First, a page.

Yajnyopaveeta Dhaarana :
Wearing three strands of ‘sacred thread’ makes a person eligible for the performance of all Vedic rites and the potency of mantras uttered helps the wearer attain the lusture (Brahma Tejas) induced due to clarity of mind attained from Vedic knowledge.
Yajnyopaveeta & Traditional Attire :
Yajnyopaveeta is worn by the Brahmacharis at the time of Upanayana and it gives the Brahmachari, the eligibility for the study of Vedas and scripture and performance of Vedic rites. The three strands of Yajnyopaveeta stand for the three qualities of Sattva, Rajas, and Tamas, which need to be kept in proper equilibrium for spiritual development.
A Brahmachari (Bachelor) wears three strands; a householder (married person) wears six or nine. The six strands give to the person the eligibility to perform the Vedic yajnas etc.
In all the traditional functions, be it individual worship, temple rituals, or worship of manes (shraddha, etc) the shastras prescribed the traditional attire of dhoti (plain white cloth wrapped around the loins extending a little below knee for Brahmachaaris) worn as Kaccha or Panchakaccha by householders along with an uttariya (upper garment). The right shoulder is always exposed; this again was to reiterate the commitment towards righteous i.e. dharmic path.
The word Brahma means God or Vedas. The learning of the Gayatri mantra makes a person eligible to learn Vedas and thereby attain Supreme Lord, hence the initiation of this Mantra to the child is called Brahmopadesha.
The child ‘Brahmachaari / Vatu’ has to completely surrender himself to his teacher at, worldly level and to the Supreme Lord ‘Savitaa’ at a philosophical level, in order to attain knowledge. The student has to shun his ego which would hinder his attainment of wisdom.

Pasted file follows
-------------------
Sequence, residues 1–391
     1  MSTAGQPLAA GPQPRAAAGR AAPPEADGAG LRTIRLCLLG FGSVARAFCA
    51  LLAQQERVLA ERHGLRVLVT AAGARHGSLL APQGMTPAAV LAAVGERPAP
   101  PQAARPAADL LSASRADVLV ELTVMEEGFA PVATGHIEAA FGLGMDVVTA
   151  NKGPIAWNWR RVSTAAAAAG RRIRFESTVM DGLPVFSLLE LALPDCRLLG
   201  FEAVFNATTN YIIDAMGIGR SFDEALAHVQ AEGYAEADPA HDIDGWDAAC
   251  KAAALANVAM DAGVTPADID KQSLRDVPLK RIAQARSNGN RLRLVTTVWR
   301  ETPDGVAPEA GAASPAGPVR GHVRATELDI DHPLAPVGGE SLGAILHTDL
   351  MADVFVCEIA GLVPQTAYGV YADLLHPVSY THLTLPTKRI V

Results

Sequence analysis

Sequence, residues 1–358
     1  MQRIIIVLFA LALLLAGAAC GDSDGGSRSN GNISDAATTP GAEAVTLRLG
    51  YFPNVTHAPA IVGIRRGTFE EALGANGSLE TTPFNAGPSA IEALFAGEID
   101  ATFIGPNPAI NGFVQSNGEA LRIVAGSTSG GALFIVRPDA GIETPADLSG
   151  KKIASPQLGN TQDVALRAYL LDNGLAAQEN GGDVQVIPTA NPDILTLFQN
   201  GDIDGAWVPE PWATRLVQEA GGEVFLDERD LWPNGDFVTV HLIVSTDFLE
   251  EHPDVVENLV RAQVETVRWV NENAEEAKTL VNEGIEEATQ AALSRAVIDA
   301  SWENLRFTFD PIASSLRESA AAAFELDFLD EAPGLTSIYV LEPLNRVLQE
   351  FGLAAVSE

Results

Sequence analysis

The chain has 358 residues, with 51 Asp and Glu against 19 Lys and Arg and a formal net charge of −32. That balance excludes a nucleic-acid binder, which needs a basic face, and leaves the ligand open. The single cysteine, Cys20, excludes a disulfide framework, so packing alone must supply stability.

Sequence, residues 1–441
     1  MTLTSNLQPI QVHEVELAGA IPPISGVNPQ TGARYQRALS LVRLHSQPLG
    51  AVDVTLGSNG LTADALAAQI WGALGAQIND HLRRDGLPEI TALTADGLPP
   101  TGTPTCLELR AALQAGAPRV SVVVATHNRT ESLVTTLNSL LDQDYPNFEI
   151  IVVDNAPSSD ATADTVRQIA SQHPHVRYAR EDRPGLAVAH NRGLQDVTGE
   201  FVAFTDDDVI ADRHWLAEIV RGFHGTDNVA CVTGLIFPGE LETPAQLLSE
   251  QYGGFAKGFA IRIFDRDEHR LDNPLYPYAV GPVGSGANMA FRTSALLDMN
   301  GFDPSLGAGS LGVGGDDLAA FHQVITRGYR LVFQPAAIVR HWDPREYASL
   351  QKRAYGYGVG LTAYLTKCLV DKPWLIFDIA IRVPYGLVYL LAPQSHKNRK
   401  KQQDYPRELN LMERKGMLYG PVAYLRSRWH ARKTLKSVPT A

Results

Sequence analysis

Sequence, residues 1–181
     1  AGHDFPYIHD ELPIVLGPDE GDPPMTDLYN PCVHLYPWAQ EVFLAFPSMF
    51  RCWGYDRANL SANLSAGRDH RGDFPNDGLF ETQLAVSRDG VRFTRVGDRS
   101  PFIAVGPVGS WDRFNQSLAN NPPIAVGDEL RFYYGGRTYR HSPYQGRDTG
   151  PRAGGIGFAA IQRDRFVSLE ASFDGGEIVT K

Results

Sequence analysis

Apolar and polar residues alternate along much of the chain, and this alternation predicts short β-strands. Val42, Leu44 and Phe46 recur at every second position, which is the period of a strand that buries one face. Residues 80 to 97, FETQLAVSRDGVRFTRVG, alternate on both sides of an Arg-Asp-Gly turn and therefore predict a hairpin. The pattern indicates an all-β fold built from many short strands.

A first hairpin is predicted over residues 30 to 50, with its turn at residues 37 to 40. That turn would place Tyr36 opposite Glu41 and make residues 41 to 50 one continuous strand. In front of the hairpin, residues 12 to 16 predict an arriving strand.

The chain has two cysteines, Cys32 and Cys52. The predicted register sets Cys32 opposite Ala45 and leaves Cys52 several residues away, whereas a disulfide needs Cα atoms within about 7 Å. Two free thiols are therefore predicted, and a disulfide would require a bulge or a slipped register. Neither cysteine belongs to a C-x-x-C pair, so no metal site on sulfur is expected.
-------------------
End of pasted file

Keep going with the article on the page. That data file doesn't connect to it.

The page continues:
The appropriate age of Upanayana is prescribed as seven (garbhaashtama). After the performance of Upanayana, the Vatu or Brahmachaari’s lifestyle undergoes an enormous change. There are daily ablutions (religious duties) to be performed three times a day called Sandhyaavandana, fire worship (samidhaadaana), be regulated in food, sleep, and dress, etc. By following these regulations, the Brahmachari earns an enormous amount of credibility and respect in the society of learned.
Gayatri is considered to be foremost of all mantras and also called Guru-Mantra i.e. the eldest among all mantras. The first mantra into which any Hindu is initiated is the ‘Gayatri Mantra’.
There is a custom of Vidyaarambha or Aksharaabhyaasa i.e. learning the new script at the age of three or four, which is practiced before the performance of Upanayana. It is now done on Vijayadashami day. This is in keeping with the modern trend wherein education is secular and has detached itself from the pattern of Vedic education. This ceremony of Aksharaabhyaasa is not a Samskara but has been found mentioned in Maarkandeya Purana.
In between Upanayana and Vivaaha, the next major sacrament, we have other Samskaaras such as four Vratas, Keshanta, and Samavartana. Now, these rites are performed a day or two before Vivaaha i.e. marriage.
The Shodasha Samskaaras - Part 3
Yajnyopaveeta Dhaarana :